W3C home > Mailing lists > Public > whatwg@whatwg.org > March 2007

[whatwg] <video> element feedback

From: Sander Tekelenburg <st@isoc.nl>
Date: Wed, 21 Mar 2007 13:43:51 +0100
Message-ID: <p06240603c226ca1d2b47@[192.168.0.101]>
At 09:25 +0000 UTC, on 2007-03-20, Ian Hickson wrote:

[...]

> ON NATIVE UI:
>
> [...] I completely agree that on the long term this is something we need to
> offer. However, we musn't bite off more than we can chew. There are
> several sets of use cases, some of which require browser-provided UI, and
> some of which need just video playback under the control of the author.

I thought the idea of the Web was that the user is always in control (because
the author cannot know the user's browsing environment). Why would authors
ever have to be in control?

[...]

> If JS is turned off, applications won't work. :-) Just like when you turn
> JS off and try to use Google Calendar, or turn off Flash and try to use
> YouTube.

If <video> is to be a first-class Netizen, it'd better not be
javascript-dependant. Currently Flash and QT plug-ins handle embedded video
just fine without JS (unless when misguided authors purposely made it
javascript-dependant). If <video> is specced to be javascript-dependant, you
make it too difficult for both users and authors. I'd have to vote against
that. Simply <video src="URL"> should suffice. (I'm all for allowing more
sophisicated things through javascript, just not for *dependancy*.)

Something else concerning first-class Netizenry: I'd like to see the spec to
require UAs support implicit anchors, so that one can link to a specific
startpoint: <URL:http://domain.example/movie.ogg#21:08>, to mean "fetch the
movie and start playing it at 21 minutes 8 seconds into the movie". (Or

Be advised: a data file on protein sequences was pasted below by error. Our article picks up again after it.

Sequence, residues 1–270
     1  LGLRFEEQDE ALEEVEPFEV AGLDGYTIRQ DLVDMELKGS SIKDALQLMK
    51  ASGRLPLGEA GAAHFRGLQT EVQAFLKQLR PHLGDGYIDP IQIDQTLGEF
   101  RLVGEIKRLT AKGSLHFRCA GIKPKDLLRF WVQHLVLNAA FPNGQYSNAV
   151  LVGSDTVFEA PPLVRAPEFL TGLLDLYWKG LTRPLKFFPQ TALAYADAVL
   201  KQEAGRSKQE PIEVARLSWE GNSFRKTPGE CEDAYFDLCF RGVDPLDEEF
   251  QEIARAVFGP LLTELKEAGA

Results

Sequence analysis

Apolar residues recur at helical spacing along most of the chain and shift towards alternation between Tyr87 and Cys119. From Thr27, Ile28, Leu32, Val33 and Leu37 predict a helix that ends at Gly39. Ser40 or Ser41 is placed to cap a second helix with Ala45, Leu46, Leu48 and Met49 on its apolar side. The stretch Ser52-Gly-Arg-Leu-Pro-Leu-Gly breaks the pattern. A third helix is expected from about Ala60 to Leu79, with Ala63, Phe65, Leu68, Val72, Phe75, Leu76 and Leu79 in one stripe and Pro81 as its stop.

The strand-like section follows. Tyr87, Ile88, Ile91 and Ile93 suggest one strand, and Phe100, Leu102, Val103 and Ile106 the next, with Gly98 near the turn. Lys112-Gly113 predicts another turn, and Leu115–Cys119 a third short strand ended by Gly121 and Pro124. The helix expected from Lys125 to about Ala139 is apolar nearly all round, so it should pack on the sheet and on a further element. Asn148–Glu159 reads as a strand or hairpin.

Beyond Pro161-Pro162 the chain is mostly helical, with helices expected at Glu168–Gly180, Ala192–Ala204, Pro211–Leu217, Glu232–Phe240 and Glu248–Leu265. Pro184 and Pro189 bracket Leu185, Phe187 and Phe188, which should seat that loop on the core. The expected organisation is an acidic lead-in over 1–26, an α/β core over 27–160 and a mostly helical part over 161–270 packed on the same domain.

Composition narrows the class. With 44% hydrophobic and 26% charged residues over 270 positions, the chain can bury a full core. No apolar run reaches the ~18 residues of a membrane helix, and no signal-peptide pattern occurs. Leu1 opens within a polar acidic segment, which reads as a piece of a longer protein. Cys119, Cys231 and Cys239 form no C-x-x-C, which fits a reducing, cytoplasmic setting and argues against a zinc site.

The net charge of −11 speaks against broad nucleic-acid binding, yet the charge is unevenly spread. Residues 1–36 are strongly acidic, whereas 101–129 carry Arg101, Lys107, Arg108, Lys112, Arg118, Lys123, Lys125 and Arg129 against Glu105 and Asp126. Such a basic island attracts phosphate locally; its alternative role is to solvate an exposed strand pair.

better yet, if this can be achieved reliably, don't fetch the entire movie,
but only from 21:08 on.)

Without this/currently, video consumption just costs too much time. It's
usually much more practical to deal with text, because users can imediately
go to the part they're interested in. With video (and audio) you are forced
to watch the whole thing to find out if there is anything interesting. It
seems to me that's one of the main reasons video is very much a second-class
Netizen today.

Note that such an implicit anchor mechanism would in a sense make <video>
even better than text, because this wouldn't require authors to bother to
provide anchors. The less work for authors, the better the chance at
first-class Netizenry.

(Btw, the same mechanism could be used to, through cookies, or even through a
cache-like local mechanism (and thus again not author-dependant), allow UAs
to provide a bookmarkish function for a "start playing from where I left last
time" feature.)

[...]

> I agree that <video> needs a standard UI (in v2, at least).

It needs it right from the start, in v1.0. Without it, it would be like a
browser without its own back button, relying on authors to provide such
functionality.

IMO this is no different than CSS being icing on the cake. It's nice to allow
authors to suggest UI-styling and even add functionaility, but it's a mistake
to make basic functinality (start, stop, pause, (fast)forward, etc.)
author-dependant.


-- 
Sander Tekelenburg
The Web Repair Initiative: <http://webrepair.org/>
Received on Wednesday, 21 March 2007 05:43:51 UTC

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